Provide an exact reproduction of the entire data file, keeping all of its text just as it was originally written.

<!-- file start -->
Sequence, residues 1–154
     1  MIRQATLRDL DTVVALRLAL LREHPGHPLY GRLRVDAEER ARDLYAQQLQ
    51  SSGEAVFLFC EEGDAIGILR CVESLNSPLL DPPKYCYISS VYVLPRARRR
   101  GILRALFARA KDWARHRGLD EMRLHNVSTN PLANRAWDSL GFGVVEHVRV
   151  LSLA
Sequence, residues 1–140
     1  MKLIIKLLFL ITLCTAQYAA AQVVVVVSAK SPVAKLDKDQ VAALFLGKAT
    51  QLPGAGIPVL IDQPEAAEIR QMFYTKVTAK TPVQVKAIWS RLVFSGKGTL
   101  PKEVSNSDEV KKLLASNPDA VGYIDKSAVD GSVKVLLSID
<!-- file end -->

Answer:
Sequence, residues 1–154
     1  MIRQATLRDL DTVVALRLAL LREHPGHPLY GRLRVDAEER ARDLYAQQLQ
    51  SSGEAVFLFC EEGDAIGILR CVESLNSPLL DPPKYCYISS VYVLPRARRR
   101  GILRALFARA KDWARHRGLD EMRLHNVSTN PLANRAWDSL GFGVVEHVRV
   151  LSLA
Sequence, residues 1–140
     1  MKLIIKLLFL ITLCTAQYAA AQVVVVVSAK SPVAKLDKDQ VAALFLGKAT
    51  QLPGAGIPVL IDQPEAAEIR QMFYTKVTAK TPVQVKAIWS RLVFSGKGTL
   101  PKEVSNSDEV KKLLASNPDA VGYIDKSAVD GSVKVLLSID